Bifold doors leading to your garden can look spectacular.  Their folding, sliding concertina-style design allows them to cover wall-spaces of five metres and more.  This makes them the perfect match for uninterrupted stretches of wall which adjoin the patio.

Internal bifold doors allow you to open up or divide rooms as desired.  With a little ingenuity, you can achieve the same effect in your garden.  Match your patio’s tiles with those of your kitchen-diner, and you can create a seamless living space that’s perfect for barbeques.

You might even go one step further and have the floor of your patio and kitchen align perfectly, with the rail of your bi-fold built into the ceiling rather than the floor.  This will create the ultimate harmonious living space.  This will require you to consider draughts and drainage (you don’t want water leaking beneath your door, after all), but get it right and it’ll look amazing.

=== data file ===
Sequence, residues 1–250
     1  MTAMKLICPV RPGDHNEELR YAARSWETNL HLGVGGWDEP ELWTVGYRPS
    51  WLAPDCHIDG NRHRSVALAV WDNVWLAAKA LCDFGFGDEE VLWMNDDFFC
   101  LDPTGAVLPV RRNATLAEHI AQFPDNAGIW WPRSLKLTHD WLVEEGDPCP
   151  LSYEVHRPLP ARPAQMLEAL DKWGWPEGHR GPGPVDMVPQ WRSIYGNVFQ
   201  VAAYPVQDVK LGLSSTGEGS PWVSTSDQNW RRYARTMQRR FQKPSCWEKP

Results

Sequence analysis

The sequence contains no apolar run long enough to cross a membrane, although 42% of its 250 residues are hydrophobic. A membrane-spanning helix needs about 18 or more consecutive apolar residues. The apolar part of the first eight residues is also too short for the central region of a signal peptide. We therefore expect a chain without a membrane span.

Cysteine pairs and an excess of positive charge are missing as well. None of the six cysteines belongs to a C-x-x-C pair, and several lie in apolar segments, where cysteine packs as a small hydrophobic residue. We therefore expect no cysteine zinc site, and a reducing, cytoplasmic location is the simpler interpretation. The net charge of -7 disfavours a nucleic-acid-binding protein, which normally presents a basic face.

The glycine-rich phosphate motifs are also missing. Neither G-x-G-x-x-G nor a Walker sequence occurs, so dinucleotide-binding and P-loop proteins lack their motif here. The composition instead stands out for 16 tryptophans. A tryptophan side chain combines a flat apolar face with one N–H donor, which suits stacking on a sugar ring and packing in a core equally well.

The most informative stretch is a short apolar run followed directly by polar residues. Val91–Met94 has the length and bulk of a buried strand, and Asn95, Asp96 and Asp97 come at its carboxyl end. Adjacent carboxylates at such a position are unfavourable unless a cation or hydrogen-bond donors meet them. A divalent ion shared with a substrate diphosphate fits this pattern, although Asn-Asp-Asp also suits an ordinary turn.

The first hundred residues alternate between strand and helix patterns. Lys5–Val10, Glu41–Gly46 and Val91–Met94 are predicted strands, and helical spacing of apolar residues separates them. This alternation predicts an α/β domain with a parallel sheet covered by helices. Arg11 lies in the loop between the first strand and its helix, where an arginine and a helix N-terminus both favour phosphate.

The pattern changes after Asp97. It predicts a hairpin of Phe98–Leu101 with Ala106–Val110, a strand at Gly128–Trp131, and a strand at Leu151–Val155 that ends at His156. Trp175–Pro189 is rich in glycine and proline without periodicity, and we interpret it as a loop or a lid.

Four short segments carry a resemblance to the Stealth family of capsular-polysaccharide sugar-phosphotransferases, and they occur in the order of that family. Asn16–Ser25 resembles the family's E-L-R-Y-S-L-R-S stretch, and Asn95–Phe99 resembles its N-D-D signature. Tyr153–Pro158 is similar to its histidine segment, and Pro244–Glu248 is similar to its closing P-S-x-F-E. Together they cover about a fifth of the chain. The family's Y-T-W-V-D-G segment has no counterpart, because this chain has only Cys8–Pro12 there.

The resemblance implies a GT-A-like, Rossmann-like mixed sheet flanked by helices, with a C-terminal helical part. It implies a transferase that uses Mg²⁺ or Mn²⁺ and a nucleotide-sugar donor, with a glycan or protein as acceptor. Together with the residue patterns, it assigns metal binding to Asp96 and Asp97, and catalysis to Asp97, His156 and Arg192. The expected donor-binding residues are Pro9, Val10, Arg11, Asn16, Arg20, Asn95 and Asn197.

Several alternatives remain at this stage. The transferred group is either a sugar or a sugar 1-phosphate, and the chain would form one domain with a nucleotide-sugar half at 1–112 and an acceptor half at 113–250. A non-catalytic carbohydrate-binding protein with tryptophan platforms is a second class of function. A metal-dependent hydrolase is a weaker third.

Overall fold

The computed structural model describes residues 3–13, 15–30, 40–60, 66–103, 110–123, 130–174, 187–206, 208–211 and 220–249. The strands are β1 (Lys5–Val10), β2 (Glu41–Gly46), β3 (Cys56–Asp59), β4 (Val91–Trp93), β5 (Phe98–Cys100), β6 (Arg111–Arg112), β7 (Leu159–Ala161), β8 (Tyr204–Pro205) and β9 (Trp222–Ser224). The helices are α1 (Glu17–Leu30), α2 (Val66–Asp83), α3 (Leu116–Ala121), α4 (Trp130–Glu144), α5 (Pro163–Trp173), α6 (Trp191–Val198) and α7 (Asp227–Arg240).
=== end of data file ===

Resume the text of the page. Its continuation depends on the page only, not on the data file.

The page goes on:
If you’ve got wooden decking installed outside, then another option is to raise it to the same level as your internal flooring, and minimise the gap between the levels.

While you’re unlikely to want to match the decking with the sort of hardwood flooring you’re laying in your lounge, wooden decking allows for rainwater to drain through, and if properly cared for will last for several decades.

Bifold doors also make a great addition to conservatories and garages that have been converted into living spaces.

In the latter case, they’re particularly useful. Since garages aren’t built with light dispersal in mind, they will benefit from the glazing that a bifold door provides.  If your garage is set behind your property, then installing a large sliding door along the side of it will solve the light problem in a second, and provide you with a fantastic living area.

As with patio doors, you’ll need to think about the direction in which the bi-fold doors in your garden open.  Having them extend out from the building is a logical choice, as this will maximise interior living space.  It will, however, limit how much decoration you’re able to place immediately outside the door.  Why not counteract this by placing potted plants and raised borders on the other side of the patio?